3. Optical Passive Sensor Calibration for Satellite Remote Sensing and the Legacy of NOAA and NIST Cooperation

    PubMed Central

    Datla, Raju; Weinreb, Michael; Rice, Joseph; Johnson, B. Carol; Shirley, Eric; Cao, Changyong

    2014-01-01

    This paper traces the cooperative efforts of scientists at the National Oceanic and Atmospheric Administration (NOAA) and the National Institute of Standards and Technology (NIST) to improve the calibration of operational satellite sensors for remote sensing of the Earth’s land, atmosphere and oceans. It gives a chronological perspective of the NOAA satellite program and the interactions between the two agencies’ scientists to address pre-launch calibration and issues of sensor performance on orbit. The drive to improve accuracy of measurements has had a new impetus in recent years because of the need for improved weather prediction and climate monitoring. The highlights of this cooperation and strategies to achieve SI-traceability and improve accuracy for optical satellite sensor data are summarized1. PMID:26601030

  4. At-sea test validation data needed to verify the NOAA/DOE CWP Analytic Code

    SciTech Connect

    Major, R. A.

    1980-03-12

    Test data requirements are developed in this memorandum for the one-third scale Ocean Thermal Energy Conversion (OTEC) cold water pipe (CWP) at-sea tests. A major goal of the at-sea tests is to collect sufficient data so that the National Oceanic and Atmospheric Administration (NOAA)/Department of Energy (DOE) CWP Analytic Code can be validated. The code is examined to determine the individual responses requiring verification. The wave environment is then considered for prototype survival and the scaled test. The expected response of the OTEC CWP test article in the test environment is used to form a basis of the test plan. Requirements for the tests of standard configurations of the OTEC CWP test system are first planned followed by requirements for tests of alternate configurations and evolutions. The final product is a set of justified NOAA/CWP analytic code validation requirements.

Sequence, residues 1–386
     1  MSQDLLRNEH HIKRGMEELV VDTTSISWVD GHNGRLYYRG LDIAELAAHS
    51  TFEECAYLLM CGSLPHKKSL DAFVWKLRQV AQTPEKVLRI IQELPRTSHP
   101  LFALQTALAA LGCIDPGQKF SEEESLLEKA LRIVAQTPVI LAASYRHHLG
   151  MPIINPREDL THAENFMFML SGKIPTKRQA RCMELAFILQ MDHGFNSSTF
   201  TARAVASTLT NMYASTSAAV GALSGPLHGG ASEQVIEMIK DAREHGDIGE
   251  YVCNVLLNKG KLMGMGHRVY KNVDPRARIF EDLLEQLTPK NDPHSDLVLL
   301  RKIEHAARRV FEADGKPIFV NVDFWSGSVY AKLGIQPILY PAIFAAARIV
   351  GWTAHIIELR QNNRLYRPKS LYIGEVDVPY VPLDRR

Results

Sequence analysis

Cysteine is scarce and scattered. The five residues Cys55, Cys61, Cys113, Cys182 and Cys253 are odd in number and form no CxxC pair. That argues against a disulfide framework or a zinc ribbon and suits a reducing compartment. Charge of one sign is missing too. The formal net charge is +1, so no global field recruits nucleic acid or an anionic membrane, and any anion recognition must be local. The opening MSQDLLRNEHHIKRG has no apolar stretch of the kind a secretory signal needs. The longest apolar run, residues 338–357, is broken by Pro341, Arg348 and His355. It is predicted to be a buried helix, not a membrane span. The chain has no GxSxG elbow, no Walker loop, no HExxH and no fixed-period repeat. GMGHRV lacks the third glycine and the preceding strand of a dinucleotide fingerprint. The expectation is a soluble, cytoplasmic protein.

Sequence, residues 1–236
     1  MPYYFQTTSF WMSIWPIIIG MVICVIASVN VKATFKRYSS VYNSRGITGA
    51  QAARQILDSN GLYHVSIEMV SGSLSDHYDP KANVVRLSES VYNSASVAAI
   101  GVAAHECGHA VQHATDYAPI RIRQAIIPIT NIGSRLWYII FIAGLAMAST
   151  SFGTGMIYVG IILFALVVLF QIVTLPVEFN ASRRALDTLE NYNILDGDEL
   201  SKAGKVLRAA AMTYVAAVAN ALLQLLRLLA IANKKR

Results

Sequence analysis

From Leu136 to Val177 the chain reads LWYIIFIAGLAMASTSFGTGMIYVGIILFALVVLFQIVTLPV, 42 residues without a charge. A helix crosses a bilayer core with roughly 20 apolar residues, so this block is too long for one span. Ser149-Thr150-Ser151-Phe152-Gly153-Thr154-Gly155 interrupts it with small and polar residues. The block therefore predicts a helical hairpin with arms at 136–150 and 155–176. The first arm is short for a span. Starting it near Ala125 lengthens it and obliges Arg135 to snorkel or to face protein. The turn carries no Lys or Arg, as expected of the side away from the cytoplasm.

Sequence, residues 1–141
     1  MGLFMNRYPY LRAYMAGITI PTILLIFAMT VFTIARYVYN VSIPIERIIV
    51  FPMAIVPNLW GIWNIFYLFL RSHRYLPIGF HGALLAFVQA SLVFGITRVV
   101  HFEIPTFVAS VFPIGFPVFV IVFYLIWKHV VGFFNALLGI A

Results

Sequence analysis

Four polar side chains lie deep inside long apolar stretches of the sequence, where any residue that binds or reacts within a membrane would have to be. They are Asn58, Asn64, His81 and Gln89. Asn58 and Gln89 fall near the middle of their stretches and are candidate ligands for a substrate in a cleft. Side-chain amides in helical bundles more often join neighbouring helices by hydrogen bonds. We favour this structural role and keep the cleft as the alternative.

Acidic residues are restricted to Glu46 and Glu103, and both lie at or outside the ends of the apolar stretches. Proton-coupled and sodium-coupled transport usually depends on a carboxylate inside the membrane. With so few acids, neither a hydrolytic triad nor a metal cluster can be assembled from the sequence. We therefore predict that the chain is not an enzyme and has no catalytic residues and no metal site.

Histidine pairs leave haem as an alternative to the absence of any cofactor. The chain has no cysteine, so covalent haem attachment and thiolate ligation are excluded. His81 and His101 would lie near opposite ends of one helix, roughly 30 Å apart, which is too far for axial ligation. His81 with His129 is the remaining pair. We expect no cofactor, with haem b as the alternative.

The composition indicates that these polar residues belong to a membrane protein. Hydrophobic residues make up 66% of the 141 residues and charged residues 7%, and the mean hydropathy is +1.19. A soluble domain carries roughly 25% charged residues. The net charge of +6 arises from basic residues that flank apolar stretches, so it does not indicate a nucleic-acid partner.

5. BOREAS AFM-6 NOAA/ETL 35 GHz Cloud/Turbulence Radar GIF Images

    NASA Technical Reports Server (NTRS)

    Martner, Brooks E.; Newcomer, Jeffrey A. (Editor); Hall, Forrest G.; Smith, David E. (Technical Monitor)

    2000-01-01

    The Boreal Ecosystem-Atmosphere Study (BOREAS) Airborne Fluxes and Meteorology (AFM)-6 team from the National Oceanic and Atmospheric Administration/Environment Technology Laboratory (NOAA/ETL) operated a 35-GHz cloud-sensing radar in the Northern Study Area (NSA) near the Old Jack Pine (OJP) tower from 16 Jul 1994 to 08 Aug 1994. This data set contains a time series of GIF images that show the structure of the lower atmosphere. The NOAA/ETL 35-GHz cloud/turbulence radar GIF images are available from the Earth Observing System Data and Information System (EOSDIS) Oak Ridge National Laboratory (ORNL) Distributed Active Archive Center (DAAC). The data files are available on a CD-ROM (see document number 20010000884).

  6. Optical Passive Sensor Calibration for Satellite Remote Sensing and the Legacy of NOAA and NIST Cooperation.